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Accuracy • Independence • Integrity

August 20, 2017   |   Ithaca, NY

Accent

Alternative student magazine collaborates across campuses

James Sooy, Texas artist and entrepreneur, could not imagine pushing his glasses up his nose one more time — so he attached them to his face. Literally. It’s called body modification, and it exists.

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Cornell University senior and “Kitsch Mag” editor Evan Mulvihill poses with a gnome, the publication’s unofficial mascot. “Kitsch” features articles by both Ithaca College and Cornell students. David Korman/The Ithacan

The concept, featured in the article “Body Check: Not Your Grandma’s Glasses” by Cornell University student Stephanie Meissner, is one of many risqué pieces in the new issue of “Kitsch Magazine,” which came out on Labor Day and is distributed at the Roy H. Park School of Communications at Ithaca College, around Cornell’s campus and at other locations in Ithaca, like Collegetown Bagels.

Junior Heather Pusey is the college’s liaison for the magazine.

“We have articles about everything, from strippers at Cornell University to the Colbert Report,” she said. “It’s funny, smart and definitely kitschy.”

Evan Mulvihill, a senior at Cornell and a member of the magazine’s editorial board, defines “kitsch” as something to be proud of.

“In the art world, ‘kitsch’ is defined as riffraff, something that you have to look down upon and push away,” Mulvihill said. “Calling the magazine ‘Kitsch’ is almost a way of reclaiming the word and saying ‘Hey, ‘kitsch’ isn’t that bad.’”

“Kitsch” is made up of offbeat poetry, prose, feature articles and hilarious sections like “Oodles of Doodles,” where unfinished drawings found mysteriously are completed and named by the editors. With its mix of serious journalism and more untraditional content, the magazine is quirky, sassy and smart.

Co-founders Samantha Henig and Katherine Jentleson of Cornell passed the editorial torch two years ago to Mulvihill and Rob Ochshorn, then-rising sophomores at Cornell who were involved with the magazine the previous year.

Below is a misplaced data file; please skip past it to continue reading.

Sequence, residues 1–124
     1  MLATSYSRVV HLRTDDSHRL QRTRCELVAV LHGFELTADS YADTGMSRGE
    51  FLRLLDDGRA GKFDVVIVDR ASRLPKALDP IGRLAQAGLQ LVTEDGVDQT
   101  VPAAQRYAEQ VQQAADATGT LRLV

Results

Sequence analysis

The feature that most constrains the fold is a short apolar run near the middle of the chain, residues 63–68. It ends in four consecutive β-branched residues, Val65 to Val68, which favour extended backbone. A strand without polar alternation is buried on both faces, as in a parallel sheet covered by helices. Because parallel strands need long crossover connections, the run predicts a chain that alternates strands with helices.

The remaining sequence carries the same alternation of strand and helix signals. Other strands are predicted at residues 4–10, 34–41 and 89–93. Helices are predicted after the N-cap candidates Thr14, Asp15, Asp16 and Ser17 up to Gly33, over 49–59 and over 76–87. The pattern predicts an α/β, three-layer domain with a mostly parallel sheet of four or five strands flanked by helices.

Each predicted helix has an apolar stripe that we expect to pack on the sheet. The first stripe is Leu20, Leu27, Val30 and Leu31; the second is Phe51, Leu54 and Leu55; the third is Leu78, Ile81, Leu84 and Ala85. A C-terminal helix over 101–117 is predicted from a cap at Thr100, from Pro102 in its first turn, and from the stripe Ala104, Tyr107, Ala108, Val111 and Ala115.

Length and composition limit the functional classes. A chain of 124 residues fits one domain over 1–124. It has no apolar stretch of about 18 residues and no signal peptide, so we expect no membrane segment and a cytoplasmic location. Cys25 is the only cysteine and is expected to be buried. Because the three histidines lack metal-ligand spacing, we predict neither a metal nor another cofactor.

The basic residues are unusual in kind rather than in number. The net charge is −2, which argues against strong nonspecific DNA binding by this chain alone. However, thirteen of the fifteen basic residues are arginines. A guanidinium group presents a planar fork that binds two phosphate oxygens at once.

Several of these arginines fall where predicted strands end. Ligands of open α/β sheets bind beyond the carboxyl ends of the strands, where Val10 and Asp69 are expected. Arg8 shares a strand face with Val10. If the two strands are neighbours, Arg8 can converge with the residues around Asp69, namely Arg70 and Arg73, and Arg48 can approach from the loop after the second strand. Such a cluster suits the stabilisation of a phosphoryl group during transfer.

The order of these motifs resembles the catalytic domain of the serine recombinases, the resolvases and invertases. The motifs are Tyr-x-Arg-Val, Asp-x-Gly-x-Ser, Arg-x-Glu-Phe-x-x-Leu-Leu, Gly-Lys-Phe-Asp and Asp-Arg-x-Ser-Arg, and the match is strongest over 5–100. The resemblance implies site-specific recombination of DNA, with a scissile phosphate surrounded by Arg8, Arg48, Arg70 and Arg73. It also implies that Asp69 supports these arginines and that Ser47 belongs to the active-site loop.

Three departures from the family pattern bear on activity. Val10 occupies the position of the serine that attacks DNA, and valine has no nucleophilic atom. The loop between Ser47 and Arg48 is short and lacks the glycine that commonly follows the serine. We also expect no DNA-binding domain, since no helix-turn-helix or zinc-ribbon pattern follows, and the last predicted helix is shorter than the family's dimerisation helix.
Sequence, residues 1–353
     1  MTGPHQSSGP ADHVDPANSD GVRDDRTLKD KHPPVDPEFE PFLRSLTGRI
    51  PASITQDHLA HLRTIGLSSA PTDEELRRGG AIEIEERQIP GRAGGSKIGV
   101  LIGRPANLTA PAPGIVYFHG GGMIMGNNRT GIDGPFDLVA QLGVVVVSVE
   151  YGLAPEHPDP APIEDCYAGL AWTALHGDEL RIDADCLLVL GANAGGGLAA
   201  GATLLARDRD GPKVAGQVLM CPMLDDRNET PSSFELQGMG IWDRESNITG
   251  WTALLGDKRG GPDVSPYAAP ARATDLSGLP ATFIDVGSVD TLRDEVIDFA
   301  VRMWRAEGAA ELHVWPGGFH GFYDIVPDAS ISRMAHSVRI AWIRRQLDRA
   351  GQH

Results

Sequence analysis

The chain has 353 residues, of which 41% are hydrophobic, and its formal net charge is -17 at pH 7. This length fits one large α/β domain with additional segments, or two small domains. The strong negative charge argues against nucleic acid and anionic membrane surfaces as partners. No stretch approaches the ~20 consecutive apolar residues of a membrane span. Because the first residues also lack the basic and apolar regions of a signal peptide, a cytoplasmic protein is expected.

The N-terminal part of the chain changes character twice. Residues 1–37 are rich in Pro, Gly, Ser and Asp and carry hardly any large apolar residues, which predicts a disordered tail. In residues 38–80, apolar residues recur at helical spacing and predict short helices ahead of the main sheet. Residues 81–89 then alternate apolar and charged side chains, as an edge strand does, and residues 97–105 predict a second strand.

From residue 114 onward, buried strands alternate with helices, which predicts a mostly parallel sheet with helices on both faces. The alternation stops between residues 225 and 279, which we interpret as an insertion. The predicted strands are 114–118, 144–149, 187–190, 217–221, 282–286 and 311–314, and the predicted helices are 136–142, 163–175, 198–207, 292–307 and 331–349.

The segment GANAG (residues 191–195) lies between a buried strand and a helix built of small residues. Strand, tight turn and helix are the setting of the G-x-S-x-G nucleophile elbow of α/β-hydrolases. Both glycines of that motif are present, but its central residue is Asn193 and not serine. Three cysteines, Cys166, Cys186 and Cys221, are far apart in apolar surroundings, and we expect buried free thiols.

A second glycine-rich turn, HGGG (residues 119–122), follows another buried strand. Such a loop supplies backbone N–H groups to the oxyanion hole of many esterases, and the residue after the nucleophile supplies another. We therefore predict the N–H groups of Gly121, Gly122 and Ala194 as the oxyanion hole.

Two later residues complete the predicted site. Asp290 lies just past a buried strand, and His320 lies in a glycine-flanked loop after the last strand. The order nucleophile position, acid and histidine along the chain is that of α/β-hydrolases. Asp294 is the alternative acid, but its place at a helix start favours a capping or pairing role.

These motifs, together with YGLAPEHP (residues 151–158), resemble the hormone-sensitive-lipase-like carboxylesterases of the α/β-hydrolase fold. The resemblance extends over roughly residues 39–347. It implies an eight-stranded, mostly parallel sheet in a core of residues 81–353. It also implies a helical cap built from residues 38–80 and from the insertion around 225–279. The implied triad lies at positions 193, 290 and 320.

“It might seem weird for graduating seniors to [have passed] on the torch to rising sophomores, but they didn’t have many upperclassmen involved then,” said Mulvihill. “They weren’t even sure the magazine was going to survive.”

With students unable to major in journalism at Cornell, and few other publications to write for, “Kitsch” has become a great outlet for creativity for those who are passionate about journalism but don’t quite seem to fit in anywhere else.

“‘Kitsch’ originally came out of a desire to fill a void,” Mulvihill said. “With only a literary magazine and a newspaper, there were only two extremes to choose from.”

Cornell’s other student publications include the literary magazine “Rainy Day” and the university’s newspaper, “The Cornell Daily Sun.”

Pusey is currently the only editor on staff from Ithaca College. Even though the publication began at Cornell, the magazine is trying to make its way to the college’s campus to employ writers and other students interested in media.

“We are definitely committed to bridging the gap,” Mulvihill said. “There is a such a divide between [the two institutions’ campuses]. It’s a nice move towards a unified publication.”

Along with reaching out to Ithaca College students, “Kitsch” is seeing major changes in its editorial staff. Most notably, the magazine has a new editor in chief, Peter Fritch, a senior at Cornell who has been involved with Kitsch since 2005.

Fritch said he wants to see more risk-taking in the writing and content of the magazine this year.

“I would love to be involved with producing a magazine that was borderline tacky,” Fritch said. “People would open it up and be like, ‘Wow … What is this?’”

Even though the magazine may be alternative and, at times, a little wacky, “Kitsch” has a rigorous editing process that relies heavily on its writers to bring ideas, write articles and take constructive criticism.

“The first time I picked it up, I really loved the content,” Fritch said. “[Writers] took something that seemed kitschy or absurd and ended up revealing some social truth or very profound insight.”

With the new fall issue out on campus, “Kitsch” editors are coming together to see what new things this year will bring to their magazine.

“Regarding the style, we want to see crazy colors and a hodgepodge of different visuals, so it’s not so streamlined,” Pusey said. “I believe we said something like ‘seizure-inducing.’”